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|The Gambler||Fyodor Dostoevsky|
|Page 2 of 6||
"Never mind, never mind. Give him a gulden."
I approached the beggar in question, and handed him the coin. Looking at me in great astonishment, he silently accepted the gulden, while from his person there proceeded a strong smell of liquor.
"Have you never tried your luck, Alexis Ivanovitch?"
"Yet just now I could see that you were burning to do so?"
"I do mean to try my luck presently."
"Then stake everything upon zero. You have seen how it ought to be done? How much capital do you possess?"
"Two hundred gulden, Madame."
"Not very much. See here; I will lend you five hundred if you wish. Take this purse of mine." With that she added sharply to the General: "But YOU need not expect to receive any."
This seemed to upset him, but he said nothing, and De Griers contented himself by scowling.
"Que diable!" he whispered to the General. "C'est une terrible vieille."
"Look! Another beggar, another beggar!" exclaimed the grandmother. "Alexis Ivanovitch, go and give him a gulden."
As she spoke I saw approaching us a grey-headed old man with a wooden leg--a man who was dressed in a blue frockcoat and carrying a staff. He looked like an old soldier. As soon as I tendered him the coin he fell back a step or two, and eyed me threateningly.
"Was ist der Teufel!" he cried, and appended thereto a round dozen of oaths.
"The man is a perfect fool!" exclaimed the Grandmother, waving her hand. "Move on now, for I am simply famished. When we have lunched we will return to that place."
"What?" cried I. "You are going to play again?"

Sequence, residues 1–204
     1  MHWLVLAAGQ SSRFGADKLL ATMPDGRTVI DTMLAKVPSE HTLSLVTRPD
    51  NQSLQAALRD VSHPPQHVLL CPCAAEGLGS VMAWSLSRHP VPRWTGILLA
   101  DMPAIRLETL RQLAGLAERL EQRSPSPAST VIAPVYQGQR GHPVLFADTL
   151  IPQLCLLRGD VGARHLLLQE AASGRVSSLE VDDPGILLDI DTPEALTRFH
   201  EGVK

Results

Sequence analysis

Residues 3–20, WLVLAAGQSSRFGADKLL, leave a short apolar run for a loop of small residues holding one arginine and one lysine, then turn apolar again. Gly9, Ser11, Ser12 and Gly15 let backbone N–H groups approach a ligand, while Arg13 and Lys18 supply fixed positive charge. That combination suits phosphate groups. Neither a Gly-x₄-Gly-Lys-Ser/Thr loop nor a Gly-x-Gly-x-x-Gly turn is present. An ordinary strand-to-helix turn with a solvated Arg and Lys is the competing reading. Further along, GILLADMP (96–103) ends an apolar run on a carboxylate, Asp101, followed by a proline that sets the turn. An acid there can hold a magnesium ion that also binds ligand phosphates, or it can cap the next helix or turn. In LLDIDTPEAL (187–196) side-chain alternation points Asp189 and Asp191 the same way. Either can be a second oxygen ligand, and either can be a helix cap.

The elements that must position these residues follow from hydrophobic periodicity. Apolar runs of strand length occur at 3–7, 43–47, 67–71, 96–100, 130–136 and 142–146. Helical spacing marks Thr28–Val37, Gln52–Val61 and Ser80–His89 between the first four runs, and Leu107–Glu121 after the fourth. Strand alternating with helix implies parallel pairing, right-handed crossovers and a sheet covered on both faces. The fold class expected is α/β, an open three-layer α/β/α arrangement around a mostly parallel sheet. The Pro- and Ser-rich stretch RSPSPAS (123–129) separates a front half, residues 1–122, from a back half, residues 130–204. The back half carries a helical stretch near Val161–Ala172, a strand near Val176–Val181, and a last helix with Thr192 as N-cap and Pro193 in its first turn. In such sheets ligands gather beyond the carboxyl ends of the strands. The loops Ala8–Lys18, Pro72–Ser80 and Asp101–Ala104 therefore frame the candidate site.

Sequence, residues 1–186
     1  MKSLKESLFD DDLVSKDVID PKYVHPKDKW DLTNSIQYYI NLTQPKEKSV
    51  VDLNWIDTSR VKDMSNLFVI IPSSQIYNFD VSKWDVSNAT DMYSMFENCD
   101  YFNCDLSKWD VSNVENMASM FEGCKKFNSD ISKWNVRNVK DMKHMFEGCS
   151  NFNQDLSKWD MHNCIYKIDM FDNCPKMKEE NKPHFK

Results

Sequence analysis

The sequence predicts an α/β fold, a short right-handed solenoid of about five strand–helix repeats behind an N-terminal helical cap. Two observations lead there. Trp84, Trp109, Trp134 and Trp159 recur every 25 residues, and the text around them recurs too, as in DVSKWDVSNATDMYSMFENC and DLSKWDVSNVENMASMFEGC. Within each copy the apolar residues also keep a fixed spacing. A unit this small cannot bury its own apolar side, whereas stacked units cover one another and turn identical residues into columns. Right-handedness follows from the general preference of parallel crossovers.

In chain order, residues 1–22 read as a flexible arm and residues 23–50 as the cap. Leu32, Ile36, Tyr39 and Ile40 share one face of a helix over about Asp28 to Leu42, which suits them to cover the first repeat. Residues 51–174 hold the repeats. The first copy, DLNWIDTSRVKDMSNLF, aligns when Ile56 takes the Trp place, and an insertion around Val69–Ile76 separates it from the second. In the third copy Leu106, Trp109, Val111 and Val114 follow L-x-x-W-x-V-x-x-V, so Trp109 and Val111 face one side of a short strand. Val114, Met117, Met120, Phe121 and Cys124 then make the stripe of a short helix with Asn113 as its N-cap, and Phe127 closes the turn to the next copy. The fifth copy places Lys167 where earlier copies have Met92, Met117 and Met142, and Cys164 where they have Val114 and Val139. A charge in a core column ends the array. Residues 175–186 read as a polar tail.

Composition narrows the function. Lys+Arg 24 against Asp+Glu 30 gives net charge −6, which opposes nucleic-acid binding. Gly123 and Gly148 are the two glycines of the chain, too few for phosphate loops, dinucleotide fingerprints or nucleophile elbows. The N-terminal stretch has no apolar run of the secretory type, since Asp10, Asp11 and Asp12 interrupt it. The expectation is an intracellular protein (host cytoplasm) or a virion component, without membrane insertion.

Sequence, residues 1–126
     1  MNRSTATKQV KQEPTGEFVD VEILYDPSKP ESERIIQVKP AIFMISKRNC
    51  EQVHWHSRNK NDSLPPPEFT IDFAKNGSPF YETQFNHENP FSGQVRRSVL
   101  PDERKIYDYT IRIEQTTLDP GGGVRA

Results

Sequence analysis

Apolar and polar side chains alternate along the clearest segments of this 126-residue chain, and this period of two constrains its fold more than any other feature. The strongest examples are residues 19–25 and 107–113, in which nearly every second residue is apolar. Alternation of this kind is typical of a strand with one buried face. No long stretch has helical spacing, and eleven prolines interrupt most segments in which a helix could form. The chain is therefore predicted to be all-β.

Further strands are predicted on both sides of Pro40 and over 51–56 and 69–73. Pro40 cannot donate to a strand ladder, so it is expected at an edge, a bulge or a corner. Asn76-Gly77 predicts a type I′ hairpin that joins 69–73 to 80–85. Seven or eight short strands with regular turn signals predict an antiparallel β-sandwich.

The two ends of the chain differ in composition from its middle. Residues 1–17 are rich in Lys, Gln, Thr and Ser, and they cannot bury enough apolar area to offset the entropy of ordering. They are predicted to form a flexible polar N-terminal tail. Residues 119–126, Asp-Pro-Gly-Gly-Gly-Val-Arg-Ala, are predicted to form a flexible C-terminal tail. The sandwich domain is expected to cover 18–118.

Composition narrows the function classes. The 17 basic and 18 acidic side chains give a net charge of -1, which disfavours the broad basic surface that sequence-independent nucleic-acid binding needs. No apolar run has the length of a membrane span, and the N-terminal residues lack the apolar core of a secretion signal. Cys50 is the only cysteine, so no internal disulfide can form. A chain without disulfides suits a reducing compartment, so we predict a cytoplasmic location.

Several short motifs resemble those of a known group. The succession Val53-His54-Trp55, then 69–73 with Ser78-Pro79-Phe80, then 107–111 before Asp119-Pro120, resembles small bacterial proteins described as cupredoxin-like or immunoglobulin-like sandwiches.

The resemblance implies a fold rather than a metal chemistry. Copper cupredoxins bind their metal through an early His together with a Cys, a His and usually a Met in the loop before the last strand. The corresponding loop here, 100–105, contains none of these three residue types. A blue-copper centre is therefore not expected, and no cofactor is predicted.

"What else do you suppose?" she retorted. "Are you going only to sit here, and grow sour, and let me look at you?"
"Madame," said De Griers confidentially, "les chances peuvent tourner. Une seule mauvaise chance, et vous perdrez tout--surtout avec votre jeu. C'etait terrible!"
"Oui; vous perdrez absolument," put in Mlle. Blanche.
"What has that got to do with YOU?" retorted the old lady. "It is not YOUR money that I am going to lose; it is my own. And where is that Mr. Astley of yours?" she added to myself.
"He stayed behind in the Casino."
"What a pity! He is such a nice sort of man!"
Arriving home, and meeting the landlord on the staircase, the Grandmother called him to her side, and boasted to him of her winnings--thereafter doing the same to Theodosia, and conferring upon her thirty gulden; after which she bid her serve luncheon. The meal over, Theodosia and Martha broke into a joint flood of ecstasy.
"I was watching you all the time, Madame," quavered Martha, "and I asked Potapitch what mistress was trying to do. And, my word! the heaps and heaps of money that were lying upon the table! Never in my life have I seen so much money. And there were gentlefolk around it, and other gentlefolk sitting down. So, I asked Potapitch where all these gentry had come from; for, thought I, maybe the Holy Mother of God will help our mistress among them. Yes, I prayed for you, Madame, and my heart died within me, so that I kept trembling and trembling. The Lord be with her, I thought to myself; and in answer to my prayer He has now sent you what He has done! Even yet I tremble--I tremble to think of it all."
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